What is happening to the sustainable city?
What is happening to the sustainable city? Why is this question arising now? And does it matter? These concerns are addressed in our recently published edited book, After Sustainable Cities?
This volume brings together a group of leading established and early career researchers who each have a unique contribution to make to debates around sustainable cities.
Looking back to Engels in the 19th Century, Ebenezer Howard in the early 20th Century and the New Towns movement in the second half of the 20th Century, the issue of polluted environments and the implications for human health were critical urban challenges. That said, the origins of contemporary sustainable cities’ debates can be located in the late 1960s and early 1970s at a time of multiple economic, ecological, urban and industrial crises and responses to this by Western nation states.
This period was important in framing a role for cities as producers of environmental problems. But it also laid the foundations for thinking about how cities and their relationships with economy and ecology could be re-worked through the alternative technology movement, urban community and ecological experiments and the development of ecological design.
Yet by the late 1980s the radical forms of response that were being raised in the 1970s were being replaced by the view that ecological crisis could be solved through an agenda developed and implemented through society’s existing institutions. This view was most notably made in the 1987 Brundtland Report, Our Common Future. Brundtland was key in framing the need for a response to the ecological crisis that could be attractive and yet also incorporated into the agendas of large international agenda-setting organisations such as the World Bank and IMF.
What followed from this was the need for national and sub-national action on sustainable development as the agenda cascaded down from these institutions as part of a new multi-level governance of sustainable development. Agenda 21 was the non-binding action plan on sustainable development that was developed at the Rio summit in 1992 and, through the principle of subsidiarity and the view that local authorities were agencies that were close to the people, Local Agenda 21 was proposed.
Brundtland and particularly the Rio Summit were important in framing the view of cities not only as problems but as sites of response and thus in setting expectations about what local authorities should do. In this view of sustainable cities the management of social and environmental concerns are reliant on the proceeds of economic growth. The dominance of this view through the 1990s and into the 2000s amongst national governments, city authorities and other agencies was apparent in the EU, North America and other areas of the world. This was a consensual view, a managerial view, and an accommodation between notions of economic competitiveness, social justice and environmental protection that was thin on conflict.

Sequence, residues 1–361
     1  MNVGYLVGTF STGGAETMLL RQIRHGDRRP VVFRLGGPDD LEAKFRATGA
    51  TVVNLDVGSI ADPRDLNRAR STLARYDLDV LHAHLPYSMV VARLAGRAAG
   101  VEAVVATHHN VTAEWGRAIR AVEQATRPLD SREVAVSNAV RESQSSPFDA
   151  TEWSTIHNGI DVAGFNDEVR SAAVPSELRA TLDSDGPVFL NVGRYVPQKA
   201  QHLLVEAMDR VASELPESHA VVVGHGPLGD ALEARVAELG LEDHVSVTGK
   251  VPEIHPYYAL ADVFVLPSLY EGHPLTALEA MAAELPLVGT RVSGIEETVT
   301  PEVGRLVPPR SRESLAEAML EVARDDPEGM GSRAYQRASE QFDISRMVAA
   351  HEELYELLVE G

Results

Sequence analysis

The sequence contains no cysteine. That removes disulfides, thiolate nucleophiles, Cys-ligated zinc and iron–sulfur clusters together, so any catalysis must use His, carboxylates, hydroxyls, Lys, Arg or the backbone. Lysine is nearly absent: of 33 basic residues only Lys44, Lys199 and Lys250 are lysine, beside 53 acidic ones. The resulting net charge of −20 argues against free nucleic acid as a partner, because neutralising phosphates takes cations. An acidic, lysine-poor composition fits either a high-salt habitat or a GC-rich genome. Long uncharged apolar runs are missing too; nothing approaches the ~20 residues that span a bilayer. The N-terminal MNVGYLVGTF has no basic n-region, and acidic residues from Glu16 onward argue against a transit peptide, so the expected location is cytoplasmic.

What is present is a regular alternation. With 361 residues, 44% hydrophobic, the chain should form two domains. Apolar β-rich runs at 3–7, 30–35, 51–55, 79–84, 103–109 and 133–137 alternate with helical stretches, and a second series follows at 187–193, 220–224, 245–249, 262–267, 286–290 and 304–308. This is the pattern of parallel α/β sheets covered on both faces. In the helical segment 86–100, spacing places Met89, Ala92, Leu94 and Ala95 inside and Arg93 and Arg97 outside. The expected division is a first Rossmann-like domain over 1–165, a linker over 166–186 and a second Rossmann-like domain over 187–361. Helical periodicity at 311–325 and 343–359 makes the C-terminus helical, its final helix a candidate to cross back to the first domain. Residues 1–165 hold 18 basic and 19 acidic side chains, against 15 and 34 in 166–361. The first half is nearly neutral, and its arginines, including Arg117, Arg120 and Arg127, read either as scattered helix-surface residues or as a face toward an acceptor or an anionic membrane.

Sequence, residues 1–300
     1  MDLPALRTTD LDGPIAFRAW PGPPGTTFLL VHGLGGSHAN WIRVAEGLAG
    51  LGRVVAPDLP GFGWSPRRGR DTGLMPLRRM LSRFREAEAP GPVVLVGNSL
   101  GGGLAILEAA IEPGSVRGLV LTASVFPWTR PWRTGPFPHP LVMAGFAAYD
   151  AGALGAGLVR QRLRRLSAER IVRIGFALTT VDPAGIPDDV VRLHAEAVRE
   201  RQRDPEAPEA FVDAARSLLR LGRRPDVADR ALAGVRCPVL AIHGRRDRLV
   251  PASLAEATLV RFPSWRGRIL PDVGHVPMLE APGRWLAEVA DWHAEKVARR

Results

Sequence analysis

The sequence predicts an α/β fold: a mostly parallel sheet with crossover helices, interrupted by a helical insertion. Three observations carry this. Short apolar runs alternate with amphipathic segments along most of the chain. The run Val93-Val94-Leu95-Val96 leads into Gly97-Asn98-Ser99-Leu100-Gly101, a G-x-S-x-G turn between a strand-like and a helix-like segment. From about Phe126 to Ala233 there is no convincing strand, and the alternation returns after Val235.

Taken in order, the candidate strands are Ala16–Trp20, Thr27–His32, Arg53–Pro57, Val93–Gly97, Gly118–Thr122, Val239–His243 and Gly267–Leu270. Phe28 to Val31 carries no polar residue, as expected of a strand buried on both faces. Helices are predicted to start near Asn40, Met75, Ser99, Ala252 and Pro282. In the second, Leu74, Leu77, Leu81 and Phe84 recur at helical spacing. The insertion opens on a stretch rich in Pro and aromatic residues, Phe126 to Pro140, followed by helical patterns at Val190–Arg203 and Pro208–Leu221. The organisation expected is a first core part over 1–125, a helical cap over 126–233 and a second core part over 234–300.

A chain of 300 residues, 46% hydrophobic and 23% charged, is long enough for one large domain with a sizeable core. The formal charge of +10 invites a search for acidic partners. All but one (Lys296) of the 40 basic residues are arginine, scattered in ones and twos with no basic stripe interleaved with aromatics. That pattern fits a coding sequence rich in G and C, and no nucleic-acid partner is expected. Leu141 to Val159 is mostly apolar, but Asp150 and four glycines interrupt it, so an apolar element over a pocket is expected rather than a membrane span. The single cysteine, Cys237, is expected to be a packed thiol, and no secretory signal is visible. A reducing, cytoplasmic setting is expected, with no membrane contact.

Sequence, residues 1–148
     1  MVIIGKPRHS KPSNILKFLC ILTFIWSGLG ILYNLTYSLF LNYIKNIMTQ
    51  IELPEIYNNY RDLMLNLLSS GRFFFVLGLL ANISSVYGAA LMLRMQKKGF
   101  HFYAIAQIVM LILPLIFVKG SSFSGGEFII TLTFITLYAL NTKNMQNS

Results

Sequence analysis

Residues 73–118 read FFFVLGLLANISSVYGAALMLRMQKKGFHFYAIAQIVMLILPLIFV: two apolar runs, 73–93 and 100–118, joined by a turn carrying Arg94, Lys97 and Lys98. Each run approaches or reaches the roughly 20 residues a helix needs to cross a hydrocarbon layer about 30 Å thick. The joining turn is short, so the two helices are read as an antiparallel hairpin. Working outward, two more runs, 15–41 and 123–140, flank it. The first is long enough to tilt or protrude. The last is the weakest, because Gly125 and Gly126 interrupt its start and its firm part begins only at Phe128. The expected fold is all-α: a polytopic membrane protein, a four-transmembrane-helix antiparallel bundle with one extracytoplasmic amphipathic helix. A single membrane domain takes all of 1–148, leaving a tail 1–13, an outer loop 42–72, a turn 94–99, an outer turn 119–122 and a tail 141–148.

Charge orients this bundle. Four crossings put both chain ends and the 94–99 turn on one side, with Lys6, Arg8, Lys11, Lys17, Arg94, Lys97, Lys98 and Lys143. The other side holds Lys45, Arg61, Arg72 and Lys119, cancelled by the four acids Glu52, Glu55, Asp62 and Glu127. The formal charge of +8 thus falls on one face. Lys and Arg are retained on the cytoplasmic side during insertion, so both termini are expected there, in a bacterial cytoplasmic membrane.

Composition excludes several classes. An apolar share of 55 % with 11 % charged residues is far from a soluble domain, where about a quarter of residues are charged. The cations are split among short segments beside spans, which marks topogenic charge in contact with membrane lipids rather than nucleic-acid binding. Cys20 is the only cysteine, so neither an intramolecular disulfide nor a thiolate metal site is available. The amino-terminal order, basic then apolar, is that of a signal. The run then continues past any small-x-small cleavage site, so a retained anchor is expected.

Moving into the 2000s a wide range of issues began to question the existing basis of the debate. The economic growth underpinning the management of urban environments and social concerns spectacularly crashed in 2007/8. International agreements and targets around carbon dioxide emissions were increasingly being cascaded by national governments to cities and regions. In times where crisis may have become normal questions were asked about what sorts of vulnerabilities face urban centres and how is resilience effectively built? Is there a role for wired-up so-called ‘smart’ cities as part of responses? Will we see the organisation of secure enclaves of economic and ecological privilege or will technocratic responses give way to more experiential, situated and social understanding in urban design?
With these issues to the fore, After Sustainable Cities? asks: what is happening to sustainable cities’ debates? Are we seeing their intensification, their transformation or even a squeezing or narrowing of these debates? Are we moving to an era after sustainable cities? By engaging with what often seem to disconnected issues around resilience, security, green economy, cities as living laboratories, material flows analysis and smart urbanism the concern of the book is to ask whether collectively these strands add up to a fundamental shift in the terms of debate around sustainable cities.
The book illustrates that there has been an apparent fragmentation of sustainable cities’ research and policy into a series of newly emerging eco-logics. It develops a framework and research and policy agenda for engaging with this shifting agenda. It sets this in a historical context to remind us that making sustainable cities is an ongoing process and not an end; and with that in mind, what they could and should look like, and why that should be the case, are also the subject of ongoing debate.